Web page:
Facebook is currently facing a lawsuit brought on by a Native American activist opposing the social media site’s “Real Name Policy.” The policy states that all Facebook users must use a real name when opening up or running a Facebook account. The site got into trouble with the activist, Dana Lone Hill, when she changed her last name from her mother’s maiden name of ‘Lone Hill’ to her her father’s last name of ‘Lone Elk.’
After changing her name, Facebook admins locked her out of her Facebook page based on the assumption that ‘Lone Elk’ wasn’t her real name. The site administrators were wrong. Lone Elk is, indeed, a real Native American last name, and many other Native American last names are similar.
This prompted the activist to sue Facebook for not allow her true name. When she gained press over the matter, Facebook did reinstate her account, but she’s told press that her goal now is to change the policy for good, so that other Native American Facebook users don’t face the same issue.
Not An Isolated Case
While the lawsuit was started by a Native American activist, the problem with Facebook’s ‘Real Name Policy’ is that a lot of people do not have typical names. Further, some are asking the company the logical question: what’s a “real name?” Names around the world vary dramatically according to culture, religion, and location. Attempting to determine who does and doesn’t have a real name while using the social site is something of an impossible thing to do.
When the Facebook policy first arrived on the scene, the company caught a lot of flack from various Drag Queens across the states that argued the policy. Many of these performers have stage names, and they wanted to use those names on Facebook as well, but the company shut down many pages after some names were created based on the same “this is not a real name” policy.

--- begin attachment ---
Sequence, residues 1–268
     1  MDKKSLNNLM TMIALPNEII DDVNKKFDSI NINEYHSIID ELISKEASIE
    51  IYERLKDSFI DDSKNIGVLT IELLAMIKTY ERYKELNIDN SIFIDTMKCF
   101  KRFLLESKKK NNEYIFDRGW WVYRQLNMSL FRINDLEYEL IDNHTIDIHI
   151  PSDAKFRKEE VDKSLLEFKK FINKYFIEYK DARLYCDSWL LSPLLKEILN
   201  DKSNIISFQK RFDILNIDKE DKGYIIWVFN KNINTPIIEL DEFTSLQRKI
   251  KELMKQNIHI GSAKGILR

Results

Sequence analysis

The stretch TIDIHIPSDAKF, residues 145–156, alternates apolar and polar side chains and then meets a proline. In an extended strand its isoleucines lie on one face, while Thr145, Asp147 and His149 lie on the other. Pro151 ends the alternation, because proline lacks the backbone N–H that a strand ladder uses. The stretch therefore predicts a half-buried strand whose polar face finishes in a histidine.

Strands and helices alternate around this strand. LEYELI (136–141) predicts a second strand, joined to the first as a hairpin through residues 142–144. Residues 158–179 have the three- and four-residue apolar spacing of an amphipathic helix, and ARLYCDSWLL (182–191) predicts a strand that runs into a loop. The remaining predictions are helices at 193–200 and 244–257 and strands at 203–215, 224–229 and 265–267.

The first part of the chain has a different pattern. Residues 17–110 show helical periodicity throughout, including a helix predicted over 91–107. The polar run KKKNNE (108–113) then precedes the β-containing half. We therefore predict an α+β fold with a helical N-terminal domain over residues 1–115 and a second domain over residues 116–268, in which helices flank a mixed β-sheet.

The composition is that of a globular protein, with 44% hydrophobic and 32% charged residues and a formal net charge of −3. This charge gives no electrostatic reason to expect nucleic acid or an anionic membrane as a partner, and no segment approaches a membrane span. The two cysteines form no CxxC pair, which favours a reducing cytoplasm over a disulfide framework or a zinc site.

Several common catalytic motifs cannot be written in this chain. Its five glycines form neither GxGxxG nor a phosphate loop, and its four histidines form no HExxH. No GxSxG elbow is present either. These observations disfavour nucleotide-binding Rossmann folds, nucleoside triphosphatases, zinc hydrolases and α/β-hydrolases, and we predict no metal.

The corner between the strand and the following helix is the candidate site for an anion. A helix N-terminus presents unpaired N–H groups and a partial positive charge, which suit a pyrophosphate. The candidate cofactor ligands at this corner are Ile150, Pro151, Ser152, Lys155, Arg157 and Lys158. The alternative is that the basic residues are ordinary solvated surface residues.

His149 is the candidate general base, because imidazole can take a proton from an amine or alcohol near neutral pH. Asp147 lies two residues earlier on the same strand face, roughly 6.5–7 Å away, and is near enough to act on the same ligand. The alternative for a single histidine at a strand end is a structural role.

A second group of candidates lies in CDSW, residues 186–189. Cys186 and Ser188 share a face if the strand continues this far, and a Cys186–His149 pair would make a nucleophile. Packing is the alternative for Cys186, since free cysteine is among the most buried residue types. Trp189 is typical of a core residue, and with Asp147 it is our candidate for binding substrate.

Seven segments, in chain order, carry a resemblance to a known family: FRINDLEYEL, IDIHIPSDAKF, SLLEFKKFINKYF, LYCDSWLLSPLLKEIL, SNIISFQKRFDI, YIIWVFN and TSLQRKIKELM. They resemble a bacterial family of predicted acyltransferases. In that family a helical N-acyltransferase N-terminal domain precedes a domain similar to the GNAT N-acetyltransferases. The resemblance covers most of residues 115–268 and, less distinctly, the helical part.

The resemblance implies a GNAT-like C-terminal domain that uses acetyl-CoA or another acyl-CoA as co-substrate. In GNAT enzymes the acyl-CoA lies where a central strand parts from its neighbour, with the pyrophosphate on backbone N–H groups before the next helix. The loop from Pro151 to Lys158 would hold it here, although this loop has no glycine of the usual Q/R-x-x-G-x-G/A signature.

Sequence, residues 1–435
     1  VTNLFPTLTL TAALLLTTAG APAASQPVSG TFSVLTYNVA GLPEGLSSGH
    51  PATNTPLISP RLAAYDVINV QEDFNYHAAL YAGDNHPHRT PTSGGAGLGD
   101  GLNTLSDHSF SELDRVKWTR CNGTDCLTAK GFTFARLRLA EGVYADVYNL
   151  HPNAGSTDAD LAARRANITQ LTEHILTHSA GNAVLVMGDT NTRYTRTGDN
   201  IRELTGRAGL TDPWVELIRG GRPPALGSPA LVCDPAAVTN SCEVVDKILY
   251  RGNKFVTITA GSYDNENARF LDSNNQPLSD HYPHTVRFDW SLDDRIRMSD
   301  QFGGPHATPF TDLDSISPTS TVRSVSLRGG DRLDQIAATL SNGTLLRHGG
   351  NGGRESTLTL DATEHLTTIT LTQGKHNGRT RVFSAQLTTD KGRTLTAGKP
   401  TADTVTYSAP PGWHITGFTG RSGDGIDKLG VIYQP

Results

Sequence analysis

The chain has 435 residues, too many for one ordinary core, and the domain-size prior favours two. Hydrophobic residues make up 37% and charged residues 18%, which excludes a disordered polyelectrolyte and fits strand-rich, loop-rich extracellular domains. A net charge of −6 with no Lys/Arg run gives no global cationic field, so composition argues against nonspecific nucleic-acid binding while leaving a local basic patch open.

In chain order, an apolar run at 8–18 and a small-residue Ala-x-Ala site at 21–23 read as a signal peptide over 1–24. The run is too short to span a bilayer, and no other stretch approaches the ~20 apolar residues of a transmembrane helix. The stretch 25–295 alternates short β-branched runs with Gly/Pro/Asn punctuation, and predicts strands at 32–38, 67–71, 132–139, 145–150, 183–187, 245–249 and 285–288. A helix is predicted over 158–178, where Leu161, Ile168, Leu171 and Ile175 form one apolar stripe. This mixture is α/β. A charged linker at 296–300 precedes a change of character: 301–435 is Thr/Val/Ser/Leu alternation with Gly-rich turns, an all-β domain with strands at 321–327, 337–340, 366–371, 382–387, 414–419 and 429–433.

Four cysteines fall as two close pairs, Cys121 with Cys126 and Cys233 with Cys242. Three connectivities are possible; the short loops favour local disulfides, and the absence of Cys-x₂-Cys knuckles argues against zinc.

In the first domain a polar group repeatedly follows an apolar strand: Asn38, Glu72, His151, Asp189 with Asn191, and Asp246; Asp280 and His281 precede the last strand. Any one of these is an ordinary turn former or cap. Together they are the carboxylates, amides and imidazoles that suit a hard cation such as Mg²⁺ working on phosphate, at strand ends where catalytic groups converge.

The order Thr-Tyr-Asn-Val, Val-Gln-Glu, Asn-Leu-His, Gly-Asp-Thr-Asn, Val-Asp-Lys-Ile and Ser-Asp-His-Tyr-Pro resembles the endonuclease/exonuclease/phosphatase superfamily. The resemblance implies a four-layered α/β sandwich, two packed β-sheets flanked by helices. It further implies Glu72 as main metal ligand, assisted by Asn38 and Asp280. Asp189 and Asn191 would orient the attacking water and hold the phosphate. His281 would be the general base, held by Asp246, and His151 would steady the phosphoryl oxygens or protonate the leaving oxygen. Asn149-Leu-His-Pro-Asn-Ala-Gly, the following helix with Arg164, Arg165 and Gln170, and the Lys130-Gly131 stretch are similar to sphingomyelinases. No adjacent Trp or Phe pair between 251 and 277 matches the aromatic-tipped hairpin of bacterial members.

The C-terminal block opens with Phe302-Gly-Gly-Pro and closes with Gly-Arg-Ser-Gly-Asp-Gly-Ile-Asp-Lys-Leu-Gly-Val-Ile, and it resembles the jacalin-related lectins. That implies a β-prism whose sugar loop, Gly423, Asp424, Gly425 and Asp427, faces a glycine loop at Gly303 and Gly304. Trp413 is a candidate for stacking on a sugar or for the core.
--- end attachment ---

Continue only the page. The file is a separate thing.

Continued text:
Searching for Fake Names
Facebook doesn’t want to let the general public know how the company finds and blocks names that are supposedly not real. But, it has been learned that Facebook admins do not actively search for fake names. Instead, users can report names that seem fake, and the social media company then looks into these claims. This, however, is a problematic policy.
Groups that want to target and single out other groups often report fake accounts, even if those accounts are not fake at all. This often happens with political activists and other groups that generate competition. Further, the Facebook policy isolates survivors of abuse that do not want to use their real names.
Activists like Dana Lone Elk want Facebook to change the policy. Lone Elk has told press that she does not think the company is singling out people according as a means of discrimination, but that the policy needs to be changed, so that anyone can use Facebook - even if that person does not have a conventional name. So far, the policy remains.